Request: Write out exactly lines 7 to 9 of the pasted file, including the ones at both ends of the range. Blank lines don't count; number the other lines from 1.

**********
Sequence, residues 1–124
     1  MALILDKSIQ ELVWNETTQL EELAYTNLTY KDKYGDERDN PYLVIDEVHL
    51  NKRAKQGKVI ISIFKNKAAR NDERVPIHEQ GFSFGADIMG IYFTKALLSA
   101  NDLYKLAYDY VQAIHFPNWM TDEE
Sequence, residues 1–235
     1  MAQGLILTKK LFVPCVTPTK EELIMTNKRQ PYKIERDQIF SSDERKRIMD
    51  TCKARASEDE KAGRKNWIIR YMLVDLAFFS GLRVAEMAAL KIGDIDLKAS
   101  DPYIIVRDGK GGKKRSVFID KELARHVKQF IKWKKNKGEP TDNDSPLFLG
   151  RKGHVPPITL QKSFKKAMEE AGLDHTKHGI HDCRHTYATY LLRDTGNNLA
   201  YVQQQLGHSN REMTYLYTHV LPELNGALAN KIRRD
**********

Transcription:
    51  TCKARASEDE KAGRKNWIIR YMLVDLAFFS GLRVAEMAAL KIGDIDLKAS
   101  DPYIIVRDGK GGKKRSVFID KELARHVKQF IKWKKNKGEP TDNDSPLFLG
   151  RKGHVPPITL QKSFKKAMEE AGLDHTKHGI HDCRHTYATY LLRDTGNNLA